By looking at the information you have collated, identify which tasks are replicated across systems, or what systems have the functionality to replicate i.e. call booking software is on both Wix and on Calendly. So if you have a Wix website, using Calendly is one more thing to think about, possibly pay for and update.

This one may require a bit of research!

4. Long term goals

Where are you hoping to go with your business? I always speak to my clients about this. You do not have to have it fully laid out but if you are aiming for a membership, for example, your tools and systems need to be set up for simple administration of:

a) Reoccuring payments b) Regular and repeat messaging c) A membership area d) Regular calls e) Video viewing f) Uploading of documents

This will dictate what software you look at now. Also, you can justify a more expensive piece of software now if you know it will serve you in the future but be sure to log that cash...then you can work out when it will start to pay back in the future!

5. Brainstorming

Ask your networks, do some research and get a list together for software options that suit your needs. Let’s face it, you’re not going to get one piece of software that will manage everything but you can consider Zapier as a way to bridge the gap between some parts of your customer journey, so consider software that works together.

6. Process of elimination

Start to drill down into exactly what the software does and consider the following:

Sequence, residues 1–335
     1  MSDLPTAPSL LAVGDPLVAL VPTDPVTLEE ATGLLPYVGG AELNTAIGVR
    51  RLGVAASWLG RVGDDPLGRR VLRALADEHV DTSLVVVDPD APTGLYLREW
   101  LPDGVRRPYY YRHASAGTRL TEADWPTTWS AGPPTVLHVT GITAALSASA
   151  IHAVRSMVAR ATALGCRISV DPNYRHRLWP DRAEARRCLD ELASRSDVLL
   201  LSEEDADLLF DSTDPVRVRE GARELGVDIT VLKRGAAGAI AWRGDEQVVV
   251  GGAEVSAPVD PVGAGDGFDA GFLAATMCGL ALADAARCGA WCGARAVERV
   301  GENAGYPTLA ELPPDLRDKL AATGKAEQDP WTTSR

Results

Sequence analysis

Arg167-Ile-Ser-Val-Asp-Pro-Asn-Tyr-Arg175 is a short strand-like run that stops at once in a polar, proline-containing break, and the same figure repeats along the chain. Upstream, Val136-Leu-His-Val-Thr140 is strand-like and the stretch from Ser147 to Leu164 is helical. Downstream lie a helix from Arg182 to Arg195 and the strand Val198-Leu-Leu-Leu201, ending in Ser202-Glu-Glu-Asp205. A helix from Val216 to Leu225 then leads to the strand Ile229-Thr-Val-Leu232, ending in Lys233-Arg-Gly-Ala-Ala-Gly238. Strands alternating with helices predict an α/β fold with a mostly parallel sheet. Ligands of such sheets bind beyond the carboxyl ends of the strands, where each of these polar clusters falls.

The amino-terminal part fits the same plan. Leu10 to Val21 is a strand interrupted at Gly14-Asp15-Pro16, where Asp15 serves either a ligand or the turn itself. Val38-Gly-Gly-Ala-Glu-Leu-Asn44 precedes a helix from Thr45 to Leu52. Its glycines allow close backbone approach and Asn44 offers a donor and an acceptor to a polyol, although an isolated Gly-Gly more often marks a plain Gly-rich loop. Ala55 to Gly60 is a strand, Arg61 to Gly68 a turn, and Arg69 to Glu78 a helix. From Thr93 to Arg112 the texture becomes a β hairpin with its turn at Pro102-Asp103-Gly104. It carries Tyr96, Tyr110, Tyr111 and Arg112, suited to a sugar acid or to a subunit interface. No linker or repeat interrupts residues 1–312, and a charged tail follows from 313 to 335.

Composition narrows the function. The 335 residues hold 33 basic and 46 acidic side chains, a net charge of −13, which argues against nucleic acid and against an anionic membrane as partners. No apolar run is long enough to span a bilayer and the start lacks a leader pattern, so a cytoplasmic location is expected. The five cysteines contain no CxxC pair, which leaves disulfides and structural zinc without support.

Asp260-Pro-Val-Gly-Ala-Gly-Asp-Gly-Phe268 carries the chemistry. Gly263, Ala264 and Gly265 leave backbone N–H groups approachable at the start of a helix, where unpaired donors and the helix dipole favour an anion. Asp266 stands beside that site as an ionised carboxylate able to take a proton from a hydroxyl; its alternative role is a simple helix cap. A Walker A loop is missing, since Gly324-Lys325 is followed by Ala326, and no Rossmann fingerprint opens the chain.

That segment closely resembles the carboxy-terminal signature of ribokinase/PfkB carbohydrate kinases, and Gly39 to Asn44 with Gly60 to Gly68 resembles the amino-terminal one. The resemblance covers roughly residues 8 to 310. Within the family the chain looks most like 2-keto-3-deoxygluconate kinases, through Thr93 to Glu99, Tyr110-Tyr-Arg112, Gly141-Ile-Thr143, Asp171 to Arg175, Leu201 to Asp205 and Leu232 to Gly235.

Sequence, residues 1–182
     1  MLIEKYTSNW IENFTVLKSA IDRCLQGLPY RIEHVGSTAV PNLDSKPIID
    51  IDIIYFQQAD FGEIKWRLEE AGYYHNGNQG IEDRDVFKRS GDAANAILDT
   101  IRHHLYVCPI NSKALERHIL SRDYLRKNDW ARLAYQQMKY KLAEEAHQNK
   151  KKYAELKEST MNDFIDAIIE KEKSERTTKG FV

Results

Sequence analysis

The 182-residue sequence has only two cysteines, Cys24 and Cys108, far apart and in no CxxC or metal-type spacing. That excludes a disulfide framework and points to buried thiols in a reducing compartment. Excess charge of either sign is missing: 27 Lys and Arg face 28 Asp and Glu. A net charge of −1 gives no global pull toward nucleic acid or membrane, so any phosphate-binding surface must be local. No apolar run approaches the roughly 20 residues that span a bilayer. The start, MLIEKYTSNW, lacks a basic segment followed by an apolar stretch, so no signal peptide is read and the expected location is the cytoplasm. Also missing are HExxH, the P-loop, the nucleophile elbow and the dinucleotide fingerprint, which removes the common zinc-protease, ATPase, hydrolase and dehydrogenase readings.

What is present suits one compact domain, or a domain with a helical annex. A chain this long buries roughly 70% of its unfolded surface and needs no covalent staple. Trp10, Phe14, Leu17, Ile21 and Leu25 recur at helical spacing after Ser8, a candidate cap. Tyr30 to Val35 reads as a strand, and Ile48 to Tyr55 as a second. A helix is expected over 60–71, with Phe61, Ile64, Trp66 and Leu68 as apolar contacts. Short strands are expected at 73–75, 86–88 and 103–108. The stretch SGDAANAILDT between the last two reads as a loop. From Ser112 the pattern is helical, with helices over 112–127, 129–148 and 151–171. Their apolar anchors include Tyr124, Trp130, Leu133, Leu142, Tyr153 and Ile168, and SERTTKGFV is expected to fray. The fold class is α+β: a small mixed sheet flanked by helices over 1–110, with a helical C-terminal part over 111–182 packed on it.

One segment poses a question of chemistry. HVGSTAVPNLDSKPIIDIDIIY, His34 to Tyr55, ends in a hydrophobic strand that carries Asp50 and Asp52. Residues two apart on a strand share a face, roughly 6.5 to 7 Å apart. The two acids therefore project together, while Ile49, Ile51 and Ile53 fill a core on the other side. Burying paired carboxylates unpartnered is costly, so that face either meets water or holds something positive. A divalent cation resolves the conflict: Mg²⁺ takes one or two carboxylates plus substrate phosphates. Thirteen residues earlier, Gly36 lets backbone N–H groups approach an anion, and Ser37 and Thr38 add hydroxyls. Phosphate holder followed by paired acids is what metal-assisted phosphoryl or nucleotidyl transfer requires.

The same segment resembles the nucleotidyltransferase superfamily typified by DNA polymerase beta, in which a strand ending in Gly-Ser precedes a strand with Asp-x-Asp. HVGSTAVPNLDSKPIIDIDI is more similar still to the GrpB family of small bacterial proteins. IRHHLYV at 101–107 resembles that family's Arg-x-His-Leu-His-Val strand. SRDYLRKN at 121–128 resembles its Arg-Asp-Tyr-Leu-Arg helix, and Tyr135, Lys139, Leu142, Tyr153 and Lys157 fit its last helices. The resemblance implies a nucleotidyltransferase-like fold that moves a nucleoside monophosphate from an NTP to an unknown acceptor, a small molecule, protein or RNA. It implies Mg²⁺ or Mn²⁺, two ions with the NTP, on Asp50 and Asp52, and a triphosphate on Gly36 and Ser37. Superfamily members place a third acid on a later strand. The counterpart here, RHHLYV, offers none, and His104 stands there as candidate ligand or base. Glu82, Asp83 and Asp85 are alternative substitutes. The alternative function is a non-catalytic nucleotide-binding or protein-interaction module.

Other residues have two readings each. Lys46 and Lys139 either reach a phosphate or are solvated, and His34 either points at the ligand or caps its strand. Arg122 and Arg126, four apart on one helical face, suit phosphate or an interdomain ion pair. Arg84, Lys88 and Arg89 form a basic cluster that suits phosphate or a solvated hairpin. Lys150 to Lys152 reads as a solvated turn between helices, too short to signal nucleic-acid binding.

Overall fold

a) Your list of needs above b) How you like to work (lists, visual, laptop, app etc.) c) Integrations - how do things work together that are essential and reduce duplication. d) Price point. Always look free first, a price point does not equate to better software. It should always be based on your needs.

All software will have a long list of credentials, but you may not actually need all of those elements. Don’t be tempted by the selling points!

If you have to eliminate options based on price, keep them on a list. Just because they are not appropriate now does not mean that some time in the future they may suit your business as it grows.

7. Implement!

Make sure that you have enough time to trial the software. Most have a free trial so make the most of it to be sure that it fits your purpose. If it does not fit your purpose, move onto the next option. You need to make sure that you have enough time to trial the software and how it fits into your journey and plans or your software will collect dust and this exercise will be wasted.

I know it can seem overwhelming, but once your customer journey is mapped out, it starts to become easier to plug the gaps.

I hope you’ve found this overview useful. Any questions, please drop me a message and let me know. Good Luck and happy cost saving!